Language Rights in the Light of International Law

Aneta Skorupa-Wulczyńska

DOI: http://dx.doi.org/10.12775/CLR.2018.003

Abstract


This paper examines language rights in the light of international law instruments. The paper contends that although international law provides for a number of language rights only very few of them can be regarded as universal human rights. First, the paper describes the purpose of language rights protection. Second, it analyses the scope of language rights protection and distinguishes between individual and collective language rights. Third, three basic categories of individual rights addressing language questions are analysed, i.e. procedural linguistic human rights, freedom of expression and nondiscrimination on the grounds of language. Next, language rights of persons belonging to minorities are examined. Finally, the paper concludes that under international law language rights which are universal human rights include linguistic aspects of the right to a fair trial and the right to liberty and security as well as the right of non-discrimination on the grounds of language use in private sphere. The language rights protected otherwise do not fall within the category of human rights and their protection is not universal.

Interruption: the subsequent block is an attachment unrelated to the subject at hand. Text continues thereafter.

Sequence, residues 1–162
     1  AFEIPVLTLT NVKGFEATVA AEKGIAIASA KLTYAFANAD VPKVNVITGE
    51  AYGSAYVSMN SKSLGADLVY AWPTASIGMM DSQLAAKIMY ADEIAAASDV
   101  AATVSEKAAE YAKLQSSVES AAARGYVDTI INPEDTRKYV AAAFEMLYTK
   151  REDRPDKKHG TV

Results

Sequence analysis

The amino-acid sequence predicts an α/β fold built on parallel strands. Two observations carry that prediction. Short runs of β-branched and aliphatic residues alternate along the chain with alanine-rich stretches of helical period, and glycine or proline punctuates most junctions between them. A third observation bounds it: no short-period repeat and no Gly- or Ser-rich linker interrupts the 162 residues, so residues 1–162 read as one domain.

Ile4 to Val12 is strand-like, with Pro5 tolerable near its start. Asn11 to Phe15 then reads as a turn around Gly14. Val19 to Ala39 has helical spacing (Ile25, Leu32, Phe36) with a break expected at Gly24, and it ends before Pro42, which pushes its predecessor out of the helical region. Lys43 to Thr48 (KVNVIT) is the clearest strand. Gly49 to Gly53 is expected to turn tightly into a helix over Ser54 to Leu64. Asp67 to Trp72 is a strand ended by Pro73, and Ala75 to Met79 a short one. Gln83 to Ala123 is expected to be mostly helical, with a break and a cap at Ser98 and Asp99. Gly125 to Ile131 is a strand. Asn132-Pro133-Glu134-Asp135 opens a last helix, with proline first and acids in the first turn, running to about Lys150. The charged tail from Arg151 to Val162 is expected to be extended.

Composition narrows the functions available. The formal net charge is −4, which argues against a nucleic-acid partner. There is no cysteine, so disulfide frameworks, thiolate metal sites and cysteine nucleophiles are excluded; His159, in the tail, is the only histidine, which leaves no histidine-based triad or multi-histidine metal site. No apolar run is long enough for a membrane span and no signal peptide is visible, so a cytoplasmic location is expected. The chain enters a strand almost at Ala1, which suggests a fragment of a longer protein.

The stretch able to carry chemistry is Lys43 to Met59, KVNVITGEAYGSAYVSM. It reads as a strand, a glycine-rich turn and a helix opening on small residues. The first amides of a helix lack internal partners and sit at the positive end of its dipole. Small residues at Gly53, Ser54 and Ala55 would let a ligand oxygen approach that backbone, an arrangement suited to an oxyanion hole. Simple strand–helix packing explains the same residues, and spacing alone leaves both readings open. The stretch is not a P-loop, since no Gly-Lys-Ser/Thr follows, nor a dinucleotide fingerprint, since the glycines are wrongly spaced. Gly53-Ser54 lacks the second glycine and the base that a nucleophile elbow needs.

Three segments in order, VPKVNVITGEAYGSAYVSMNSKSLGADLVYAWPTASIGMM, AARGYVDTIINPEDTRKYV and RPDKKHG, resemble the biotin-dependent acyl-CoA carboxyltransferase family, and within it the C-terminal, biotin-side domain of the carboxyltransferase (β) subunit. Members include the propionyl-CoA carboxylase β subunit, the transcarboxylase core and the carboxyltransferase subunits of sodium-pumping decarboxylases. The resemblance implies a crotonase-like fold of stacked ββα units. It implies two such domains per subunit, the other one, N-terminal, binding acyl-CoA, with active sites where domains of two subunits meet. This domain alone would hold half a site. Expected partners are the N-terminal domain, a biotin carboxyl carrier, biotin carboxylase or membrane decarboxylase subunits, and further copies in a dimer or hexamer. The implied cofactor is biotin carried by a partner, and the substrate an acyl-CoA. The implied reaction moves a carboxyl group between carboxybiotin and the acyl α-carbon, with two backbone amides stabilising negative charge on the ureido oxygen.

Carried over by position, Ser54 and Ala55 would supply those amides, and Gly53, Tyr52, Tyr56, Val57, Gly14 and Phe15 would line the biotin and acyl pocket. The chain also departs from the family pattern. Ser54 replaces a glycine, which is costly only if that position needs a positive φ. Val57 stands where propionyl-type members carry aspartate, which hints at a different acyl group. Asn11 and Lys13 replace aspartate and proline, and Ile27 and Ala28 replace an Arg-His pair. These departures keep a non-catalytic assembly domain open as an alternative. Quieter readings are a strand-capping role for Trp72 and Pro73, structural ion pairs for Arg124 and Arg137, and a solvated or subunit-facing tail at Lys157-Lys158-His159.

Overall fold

Keywords


language rights; human rights; individual rights; collective rights; procedural linguistic human rights; non-discrimination on the grounds of language; language rights of minority members

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